Wednesday, August 20, 2008

Scot Wingo - nice quote

Nice quotes from Scot Wingo in the NYTimes article on Ebay. Of course, they refer to Channel Advisor as "the market research firm ChannelAdvisor", but if you're going to be quoted multiple times in the Times, that's got to fall into the "all publicity is good publicity" category.

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Monday, April 07, 2008

A tale of two conference sessions

I recently returned from Channel Advisor's Catalyst Conference. Two sessions stood out, one memorably bad, one memorably good.

First, the bad. Staying Ahead of the Pack – How to Evolve Your Brand in a Multi-Faceted Arena by: Chris Shimojima, Nike. Chris had been a CMO at three or four companies, so I was very curious to hear him speak. However, he may have violated one of the cardinal rules of speaking, "know your audience." From the people I talked to, most folks in attendance were merchants, at a different variety of sizes, ranging from basement operations to Internet Retailer 500. No one I talked to was doing much in the way of "brand advertising" and one of the nicest parts of the conference is the high ratio of merchants to vendors. The presentation could easily have been subtitled "We're Nike, and here are some things you should buy". It focused on their Nike Plus (running shoes + Ipod = mileage tracking) and their Nike ID product (unique, customized shoes). It tried to show how these products evolve community - but it was also clear that they had a huge budget for experimentation. And, there never was a message that tied into the audience, beyond "try, listen and learn", which was up on a slide for a minute.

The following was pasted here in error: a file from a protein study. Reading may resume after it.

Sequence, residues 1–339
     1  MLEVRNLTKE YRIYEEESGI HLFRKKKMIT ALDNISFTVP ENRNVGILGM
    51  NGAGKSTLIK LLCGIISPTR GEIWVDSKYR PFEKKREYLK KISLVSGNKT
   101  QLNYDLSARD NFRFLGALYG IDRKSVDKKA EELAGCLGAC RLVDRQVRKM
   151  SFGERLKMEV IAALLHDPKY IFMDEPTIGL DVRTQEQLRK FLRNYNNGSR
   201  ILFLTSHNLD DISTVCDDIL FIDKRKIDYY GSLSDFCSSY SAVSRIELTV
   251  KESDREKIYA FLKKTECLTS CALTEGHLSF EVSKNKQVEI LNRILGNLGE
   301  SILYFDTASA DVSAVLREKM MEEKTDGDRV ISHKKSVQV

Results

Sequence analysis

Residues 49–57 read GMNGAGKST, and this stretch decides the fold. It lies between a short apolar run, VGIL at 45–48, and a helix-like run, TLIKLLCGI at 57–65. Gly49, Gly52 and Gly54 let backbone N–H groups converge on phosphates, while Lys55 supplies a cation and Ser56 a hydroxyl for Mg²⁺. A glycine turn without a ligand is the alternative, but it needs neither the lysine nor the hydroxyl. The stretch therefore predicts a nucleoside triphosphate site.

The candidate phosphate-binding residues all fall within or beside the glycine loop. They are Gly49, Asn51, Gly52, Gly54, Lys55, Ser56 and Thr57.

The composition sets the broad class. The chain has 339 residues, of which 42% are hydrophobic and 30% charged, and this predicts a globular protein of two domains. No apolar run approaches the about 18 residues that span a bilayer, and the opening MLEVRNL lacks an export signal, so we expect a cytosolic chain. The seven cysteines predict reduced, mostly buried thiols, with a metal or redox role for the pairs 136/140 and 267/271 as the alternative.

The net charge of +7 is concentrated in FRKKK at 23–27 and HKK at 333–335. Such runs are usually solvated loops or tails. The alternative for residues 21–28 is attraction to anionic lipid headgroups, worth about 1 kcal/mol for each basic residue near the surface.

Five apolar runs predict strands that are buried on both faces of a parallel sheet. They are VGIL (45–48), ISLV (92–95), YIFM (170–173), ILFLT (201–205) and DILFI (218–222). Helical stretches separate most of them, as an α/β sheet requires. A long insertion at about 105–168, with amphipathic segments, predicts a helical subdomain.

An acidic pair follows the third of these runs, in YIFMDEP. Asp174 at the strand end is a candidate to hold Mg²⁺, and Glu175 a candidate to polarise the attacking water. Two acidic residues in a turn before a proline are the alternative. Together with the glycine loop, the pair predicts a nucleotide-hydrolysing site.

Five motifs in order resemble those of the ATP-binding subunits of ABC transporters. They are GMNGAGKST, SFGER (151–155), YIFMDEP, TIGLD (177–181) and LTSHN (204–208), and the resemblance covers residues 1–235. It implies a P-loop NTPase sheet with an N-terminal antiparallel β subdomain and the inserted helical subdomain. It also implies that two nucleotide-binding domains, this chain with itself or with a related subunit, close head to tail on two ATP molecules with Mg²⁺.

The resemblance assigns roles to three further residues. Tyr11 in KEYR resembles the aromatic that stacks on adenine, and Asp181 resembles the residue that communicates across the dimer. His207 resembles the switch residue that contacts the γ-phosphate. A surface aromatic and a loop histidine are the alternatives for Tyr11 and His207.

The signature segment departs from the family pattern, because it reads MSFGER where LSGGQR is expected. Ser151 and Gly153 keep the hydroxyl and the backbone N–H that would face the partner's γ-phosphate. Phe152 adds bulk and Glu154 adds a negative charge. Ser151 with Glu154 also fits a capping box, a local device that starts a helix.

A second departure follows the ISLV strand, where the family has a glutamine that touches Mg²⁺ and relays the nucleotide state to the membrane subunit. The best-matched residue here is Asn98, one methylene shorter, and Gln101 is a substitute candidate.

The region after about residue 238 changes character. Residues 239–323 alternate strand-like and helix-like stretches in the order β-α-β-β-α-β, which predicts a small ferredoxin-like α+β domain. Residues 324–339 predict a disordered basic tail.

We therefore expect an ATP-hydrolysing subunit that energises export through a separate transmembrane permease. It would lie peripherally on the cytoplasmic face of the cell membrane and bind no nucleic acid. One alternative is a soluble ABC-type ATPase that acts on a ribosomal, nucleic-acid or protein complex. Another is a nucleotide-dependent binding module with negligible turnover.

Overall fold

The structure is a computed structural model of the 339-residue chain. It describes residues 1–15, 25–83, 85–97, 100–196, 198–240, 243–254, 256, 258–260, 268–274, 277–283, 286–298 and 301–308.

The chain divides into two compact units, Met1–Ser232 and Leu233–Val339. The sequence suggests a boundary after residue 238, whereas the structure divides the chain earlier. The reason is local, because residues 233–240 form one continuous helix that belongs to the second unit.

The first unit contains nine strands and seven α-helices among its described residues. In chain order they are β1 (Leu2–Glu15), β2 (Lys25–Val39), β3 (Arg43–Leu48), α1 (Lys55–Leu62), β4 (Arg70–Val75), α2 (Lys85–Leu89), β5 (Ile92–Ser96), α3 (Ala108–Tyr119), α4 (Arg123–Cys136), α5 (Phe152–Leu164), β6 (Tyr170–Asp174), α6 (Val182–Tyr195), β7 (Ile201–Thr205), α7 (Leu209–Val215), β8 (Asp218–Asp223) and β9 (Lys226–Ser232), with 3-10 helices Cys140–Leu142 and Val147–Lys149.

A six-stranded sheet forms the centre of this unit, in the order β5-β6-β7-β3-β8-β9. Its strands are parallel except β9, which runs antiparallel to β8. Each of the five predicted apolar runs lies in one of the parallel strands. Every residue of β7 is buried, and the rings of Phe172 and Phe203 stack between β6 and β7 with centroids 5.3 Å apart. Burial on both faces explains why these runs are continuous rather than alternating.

Second, the good. Old School vs. New School – Defining the Life Cycle for a Successful Small Business. Scott Wingo, the CEO of Channel Advisor hosted. This was fantastic - it had different businesses talking about parts of the Internet Merchant lifecycle they'd gone through. There was a fascinating chart that Scott had, that showed the typical level of revenue at different sizes, and the different types of advertising that merchants were doing. It showed where paid search and comparison engines entered the mix. I talked to a number of people who loved the session, and felt it was very inspiring as they could see where it was possible to go.

Overall, the conference had a great mix of attendees, and useful sessions. Hopefully, next year they'll have additional sessions with merchants talking about the mechanics of their businesses.

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Thursday, March 22, 2007

Channel Advisor Conference

Highlights from the Channel Advisor Conference in Pinehurst, NC this week.

Opening keynote from Davis Ridley, retired Southwest SPV.
Key takeaway " Happy employees mean happy customers."

New Shopping engines were exhibiting: Major change in their models, they crawl merchants, so they have a complete product list vs. sites like, where many merchants have pulled any product under $25. Jellyfish, CPA model, and TheFind - crawl w/pay for top 2 premium placement are two I'll be checking out.